AN ACT To provide for the improvement and strengthening of the international re

lations of the United States by promoting better mutual understanding among the peoples of the world through educational and cultural exchanges.

Be it enacted by the Senate and House of Representatives of the United States of America in Congress assembled, That this Act may be cited as the “Mutual Educational and Cultural Exchange Act of 1961."

SEC. 101.1 STATEMENT OF PURPOSE.—The purpose of this Act is to enable the Government of the United States to increase mutual understanding between the people of the United States and the people of other countries by means of educational and cultural exchange; to strengthen the ties which unite us with other nations by demonstrating the educational and cultural interests, developments, and achievements of the people of the United States and other nations, and the contributions being made toward a peaceful and more fruitful life for people throughout the world; to promote international cooperation for educational and cultural advancement; and thus to assist in the development of friendly, sympa

122 U.S.C. 2451. Sec. 107 of the Foreign Relations Authorization Act, Fiscal Year 1978 (91 Stat. 845), called for a strengthening of educational exchange programs. For text of the congressional findings and reference to a report due from State Department regarding these programs, see page 416.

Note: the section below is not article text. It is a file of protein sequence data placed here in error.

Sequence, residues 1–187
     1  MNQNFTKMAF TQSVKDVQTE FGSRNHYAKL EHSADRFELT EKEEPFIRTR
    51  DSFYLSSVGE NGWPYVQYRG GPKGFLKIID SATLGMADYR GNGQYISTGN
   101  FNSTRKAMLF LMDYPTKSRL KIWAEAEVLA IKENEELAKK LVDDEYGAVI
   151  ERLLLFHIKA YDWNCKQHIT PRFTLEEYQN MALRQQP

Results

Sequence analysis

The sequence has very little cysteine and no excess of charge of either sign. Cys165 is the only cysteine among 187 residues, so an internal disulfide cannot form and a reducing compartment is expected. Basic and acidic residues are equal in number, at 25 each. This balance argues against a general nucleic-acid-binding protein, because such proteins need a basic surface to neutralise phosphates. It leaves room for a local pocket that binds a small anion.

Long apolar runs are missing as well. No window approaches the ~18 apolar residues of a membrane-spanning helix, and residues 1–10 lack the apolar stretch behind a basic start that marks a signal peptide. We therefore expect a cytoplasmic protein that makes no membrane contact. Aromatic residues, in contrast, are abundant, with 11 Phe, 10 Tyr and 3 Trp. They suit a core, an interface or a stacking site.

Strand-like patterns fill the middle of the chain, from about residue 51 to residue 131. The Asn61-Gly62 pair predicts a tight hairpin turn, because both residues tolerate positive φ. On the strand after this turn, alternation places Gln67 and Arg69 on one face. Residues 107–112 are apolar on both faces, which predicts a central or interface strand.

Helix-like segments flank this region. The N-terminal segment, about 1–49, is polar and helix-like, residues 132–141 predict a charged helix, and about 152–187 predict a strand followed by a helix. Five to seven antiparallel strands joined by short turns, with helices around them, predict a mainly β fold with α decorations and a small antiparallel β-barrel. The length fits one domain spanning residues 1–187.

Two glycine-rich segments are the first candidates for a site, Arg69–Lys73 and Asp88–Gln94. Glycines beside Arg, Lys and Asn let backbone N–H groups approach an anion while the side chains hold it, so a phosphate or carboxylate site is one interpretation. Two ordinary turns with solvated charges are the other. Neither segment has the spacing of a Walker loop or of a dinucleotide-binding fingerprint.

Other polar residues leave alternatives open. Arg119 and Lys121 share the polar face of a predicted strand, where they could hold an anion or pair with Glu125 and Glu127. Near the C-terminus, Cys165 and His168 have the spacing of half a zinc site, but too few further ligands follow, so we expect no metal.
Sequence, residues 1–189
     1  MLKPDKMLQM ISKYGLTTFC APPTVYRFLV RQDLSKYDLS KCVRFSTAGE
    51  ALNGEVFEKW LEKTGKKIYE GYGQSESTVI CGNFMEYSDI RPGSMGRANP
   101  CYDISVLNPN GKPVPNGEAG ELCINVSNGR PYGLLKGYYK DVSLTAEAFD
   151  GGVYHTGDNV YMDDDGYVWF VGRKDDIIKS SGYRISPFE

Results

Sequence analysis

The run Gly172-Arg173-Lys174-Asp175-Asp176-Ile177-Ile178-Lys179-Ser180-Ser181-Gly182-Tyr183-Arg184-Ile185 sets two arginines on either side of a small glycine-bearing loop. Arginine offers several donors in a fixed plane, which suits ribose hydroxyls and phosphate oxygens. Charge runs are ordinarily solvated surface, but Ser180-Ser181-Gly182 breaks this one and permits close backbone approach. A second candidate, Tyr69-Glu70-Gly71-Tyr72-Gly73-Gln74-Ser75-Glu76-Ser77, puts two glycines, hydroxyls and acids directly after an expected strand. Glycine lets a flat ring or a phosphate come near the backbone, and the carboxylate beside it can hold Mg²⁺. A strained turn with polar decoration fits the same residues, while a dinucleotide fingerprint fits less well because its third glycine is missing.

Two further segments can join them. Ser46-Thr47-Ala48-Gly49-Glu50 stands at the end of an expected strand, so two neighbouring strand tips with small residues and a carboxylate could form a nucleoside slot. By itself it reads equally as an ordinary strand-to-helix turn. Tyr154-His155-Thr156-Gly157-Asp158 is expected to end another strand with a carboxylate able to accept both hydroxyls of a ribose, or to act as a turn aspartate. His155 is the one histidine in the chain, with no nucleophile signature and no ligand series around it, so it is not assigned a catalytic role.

thetic, and peaceful relations between the United States and the other countries of the world.

SEC. 102.2 (a) The President 3 is authorized, when he considers that it would strengthen international cooperative relations, to provide, by grant, contract, or otherwise, for

(1) educational exchanges, (i) by financing studies, research, instructions, and other educational activities

(A) of or for American citizens and nationals in foreign countries, and

(B) of or for citizens and nationals of foreign countries in American schools and institutions of learning located in

or outside the United States; and (ii) by financing visits and interchanges between the United States and other countries of students, trainees, teachers, instructors, and professors; (2) cultural exchanges, by financing,

(i) visits and interchanges between the United States and other countries of leaders, experts in fields of specialized knowledge or skill, and other influential or distinguished persons;

(ii) tours in countries abroad by creative and performing artists and athletes from the United States, individually and in groups, representing any field of the arts, sports, or any other form of cultural attainment;

(iii) United States representation in international artistic, dramatic, musical, sports, and other cultural festivals, competitions, meetings, and like exhibitions and assemblies;

(iv) participation by groups and individuals from other countries in nonprofit activities in the United States similar to those described in subparagraphs (ii) and (iii) of this paragraph, when the President 3 determines that such par

ticipation is in the national interest. (3)4 United States participation in international fairs and expositions abroad, including trade and industrial fairs and